Menus in most school lunch programs are too high in saturated fat and cholesterol and too low in fiber- and nutrient-rich fruits, vegetables, whole grains, and legumes (see PCRM’s 2008 School Lunch Report Card). Major changes are needed to encourage the health of the nation’s youth and to reverse the growing trends of obesity, early-onset diabetes, and hypertension, among other chronic diseases, in children and teens.        

A 2003 General Accounting Office (GAO) reached the same conclusion. See, School Lunch Program: Efforts Needed to Improve Nutrition and Encourage and Healthy Eating

Nirvi Shah is reporting in the Education Week article, After-School Programs’ Newest Activity: Supper:

At some schools and community centers across the country, baked chicken, steamed broccoli, apple slices, whole-wheat rolls, and milk are on the menu—but not just at lunch.

While breakfast and lunch programs have long been a common part of the school day, all states now have the opportunity to serve students free after-school suppers, too, with the money for the meals coming from the U.S. Department of Agriculture.

A few states have offered supperRequires Adobe Acrobat Reader for years as part of a pilot program, but the 2010 Healthy, Hunger-Free Kids ActRequires Adobe Acrobat Reader, which passed late that year, expanded the program, allowing all qualifying after-school programs to take part and get paid by the USDA for the suppers they serve. In 2011, tens of thousands more suppers were served at a time when child poverty is on the rise—although getting programs started can be an undertaking that many child-care centers and after-school sites, especially those located apart from schools, aren’t equipped to handle.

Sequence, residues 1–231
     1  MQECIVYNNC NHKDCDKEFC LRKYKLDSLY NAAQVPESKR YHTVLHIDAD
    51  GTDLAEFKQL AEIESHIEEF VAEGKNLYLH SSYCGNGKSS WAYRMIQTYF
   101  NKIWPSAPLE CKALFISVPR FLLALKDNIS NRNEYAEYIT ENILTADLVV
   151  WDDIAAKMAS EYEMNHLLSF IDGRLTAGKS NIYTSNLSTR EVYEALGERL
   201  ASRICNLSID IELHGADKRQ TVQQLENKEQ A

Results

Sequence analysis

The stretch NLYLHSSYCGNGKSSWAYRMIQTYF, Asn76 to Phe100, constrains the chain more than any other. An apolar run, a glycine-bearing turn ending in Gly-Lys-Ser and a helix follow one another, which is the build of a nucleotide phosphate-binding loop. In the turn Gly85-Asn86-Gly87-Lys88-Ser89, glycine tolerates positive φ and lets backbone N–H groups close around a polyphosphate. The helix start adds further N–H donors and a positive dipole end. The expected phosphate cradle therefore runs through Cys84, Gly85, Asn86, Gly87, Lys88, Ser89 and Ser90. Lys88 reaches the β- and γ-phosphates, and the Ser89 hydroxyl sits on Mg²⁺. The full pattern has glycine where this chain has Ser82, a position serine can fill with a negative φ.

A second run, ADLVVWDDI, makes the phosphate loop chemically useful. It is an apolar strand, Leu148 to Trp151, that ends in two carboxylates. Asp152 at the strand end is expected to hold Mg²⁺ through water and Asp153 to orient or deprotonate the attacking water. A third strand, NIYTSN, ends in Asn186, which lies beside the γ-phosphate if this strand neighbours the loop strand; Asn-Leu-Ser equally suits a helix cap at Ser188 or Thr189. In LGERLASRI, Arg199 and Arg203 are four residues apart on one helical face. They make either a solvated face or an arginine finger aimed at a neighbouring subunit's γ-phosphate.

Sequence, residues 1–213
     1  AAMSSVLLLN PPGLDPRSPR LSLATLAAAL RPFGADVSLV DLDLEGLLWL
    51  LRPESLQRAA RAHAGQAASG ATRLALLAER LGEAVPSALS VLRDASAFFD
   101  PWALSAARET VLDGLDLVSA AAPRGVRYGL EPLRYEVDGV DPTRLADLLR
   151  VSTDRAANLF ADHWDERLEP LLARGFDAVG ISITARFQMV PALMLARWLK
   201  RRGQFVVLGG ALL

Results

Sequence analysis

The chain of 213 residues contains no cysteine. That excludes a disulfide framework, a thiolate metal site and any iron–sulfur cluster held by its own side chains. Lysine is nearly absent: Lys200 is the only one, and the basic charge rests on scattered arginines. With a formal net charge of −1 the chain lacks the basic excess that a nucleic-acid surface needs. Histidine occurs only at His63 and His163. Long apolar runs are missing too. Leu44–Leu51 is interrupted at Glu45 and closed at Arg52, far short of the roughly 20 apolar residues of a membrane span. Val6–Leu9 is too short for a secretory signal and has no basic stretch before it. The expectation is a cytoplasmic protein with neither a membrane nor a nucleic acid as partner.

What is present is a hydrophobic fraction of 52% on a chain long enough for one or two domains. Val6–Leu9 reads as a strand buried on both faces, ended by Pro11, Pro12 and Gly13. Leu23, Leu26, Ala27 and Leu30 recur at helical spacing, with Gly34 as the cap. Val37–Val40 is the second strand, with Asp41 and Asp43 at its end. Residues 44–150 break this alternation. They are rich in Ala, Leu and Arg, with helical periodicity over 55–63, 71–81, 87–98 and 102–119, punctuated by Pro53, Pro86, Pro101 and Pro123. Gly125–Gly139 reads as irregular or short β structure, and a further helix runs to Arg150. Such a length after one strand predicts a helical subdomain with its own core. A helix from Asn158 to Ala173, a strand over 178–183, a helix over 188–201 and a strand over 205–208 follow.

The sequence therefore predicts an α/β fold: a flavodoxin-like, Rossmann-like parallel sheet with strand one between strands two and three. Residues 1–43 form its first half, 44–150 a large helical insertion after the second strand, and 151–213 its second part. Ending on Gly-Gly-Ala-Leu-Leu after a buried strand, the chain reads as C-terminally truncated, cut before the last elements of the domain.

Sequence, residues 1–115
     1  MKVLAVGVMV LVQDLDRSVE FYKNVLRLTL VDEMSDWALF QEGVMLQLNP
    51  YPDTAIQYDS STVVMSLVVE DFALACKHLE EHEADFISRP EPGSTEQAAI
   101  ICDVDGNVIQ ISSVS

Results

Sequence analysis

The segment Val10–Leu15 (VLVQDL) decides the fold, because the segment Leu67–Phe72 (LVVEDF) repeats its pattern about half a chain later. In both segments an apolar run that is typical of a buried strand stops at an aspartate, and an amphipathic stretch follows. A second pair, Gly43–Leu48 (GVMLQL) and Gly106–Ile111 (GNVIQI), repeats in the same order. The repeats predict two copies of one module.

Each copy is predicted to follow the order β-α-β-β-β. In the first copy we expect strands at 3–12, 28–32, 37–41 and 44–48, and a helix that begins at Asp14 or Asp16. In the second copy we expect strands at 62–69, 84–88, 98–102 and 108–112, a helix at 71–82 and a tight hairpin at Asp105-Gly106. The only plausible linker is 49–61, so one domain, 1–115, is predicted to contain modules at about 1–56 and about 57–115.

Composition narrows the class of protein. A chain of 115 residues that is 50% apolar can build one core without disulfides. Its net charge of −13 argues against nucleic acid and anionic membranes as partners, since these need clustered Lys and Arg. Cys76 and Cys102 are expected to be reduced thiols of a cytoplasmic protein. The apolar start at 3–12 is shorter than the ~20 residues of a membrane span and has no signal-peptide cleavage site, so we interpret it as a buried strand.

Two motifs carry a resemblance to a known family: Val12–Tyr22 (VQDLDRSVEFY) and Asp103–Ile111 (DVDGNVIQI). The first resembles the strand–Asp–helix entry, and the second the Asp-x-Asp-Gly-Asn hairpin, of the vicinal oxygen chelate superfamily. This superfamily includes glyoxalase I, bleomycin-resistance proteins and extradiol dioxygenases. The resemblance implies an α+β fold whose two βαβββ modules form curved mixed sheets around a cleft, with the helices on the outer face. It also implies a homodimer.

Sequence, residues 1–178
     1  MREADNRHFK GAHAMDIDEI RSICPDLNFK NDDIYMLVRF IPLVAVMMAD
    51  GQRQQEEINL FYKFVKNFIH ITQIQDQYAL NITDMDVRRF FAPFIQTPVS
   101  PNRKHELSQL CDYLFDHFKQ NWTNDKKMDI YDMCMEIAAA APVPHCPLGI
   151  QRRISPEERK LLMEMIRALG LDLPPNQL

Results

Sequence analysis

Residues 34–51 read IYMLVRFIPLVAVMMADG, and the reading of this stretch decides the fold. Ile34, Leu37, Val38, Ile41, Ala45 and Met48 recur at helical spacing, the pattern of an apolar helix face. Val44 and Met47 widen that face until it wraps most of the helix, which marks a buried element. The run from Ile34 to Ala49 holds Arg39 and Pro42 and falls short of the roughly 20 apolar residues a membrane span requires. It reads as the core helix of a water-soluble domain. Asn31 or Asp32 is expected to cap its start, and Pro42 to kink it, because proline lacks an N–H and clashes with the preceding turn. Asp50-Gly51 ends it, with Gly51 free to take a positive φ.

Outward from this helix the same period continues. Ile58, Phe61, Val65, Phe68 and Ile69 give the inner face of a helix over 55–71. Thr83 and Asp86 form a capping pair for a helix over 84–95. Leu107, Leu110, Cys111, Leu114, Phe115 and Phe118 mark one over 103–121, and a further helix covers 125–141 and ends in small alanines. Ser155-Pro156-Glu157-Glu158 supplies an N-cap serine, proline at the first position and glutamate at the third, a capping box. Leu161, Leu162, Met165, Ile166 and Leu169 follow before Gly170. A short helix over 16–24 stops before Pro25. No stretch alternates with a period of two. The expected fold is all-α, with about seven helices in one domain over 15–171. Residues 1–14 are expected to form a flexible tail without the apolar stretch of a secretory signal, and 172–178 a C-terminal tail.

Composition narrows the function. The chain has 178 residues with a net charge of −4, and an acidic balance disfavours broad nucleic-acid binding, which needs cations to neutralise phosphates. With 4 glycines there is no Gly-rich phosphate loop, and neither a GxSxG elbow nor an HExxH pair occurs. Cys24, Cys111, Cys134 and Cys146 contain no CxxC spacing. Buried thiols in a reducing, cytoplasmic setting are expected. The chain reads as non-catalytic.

For many of the students who eat those meals, food outside of school breakfasts and lunches is scarce, said Lois Hazelton of the New York Department of Health, who oversees the program in her state. It was one of the first states eligible to serve supper, starting about 10 years ago.

“We knew that there were kids out there who were going home to potentially no supper, or not enough supper, or not a nutritious supper,” Ms. Hazelton said. On average, she added, 140,000 students eat free suppers every day in her state through the USDA program.

‘Safety Net’ for Families

USDA research found that in 2010, an average of one in six Americans had difficulty finding enough money to buy food…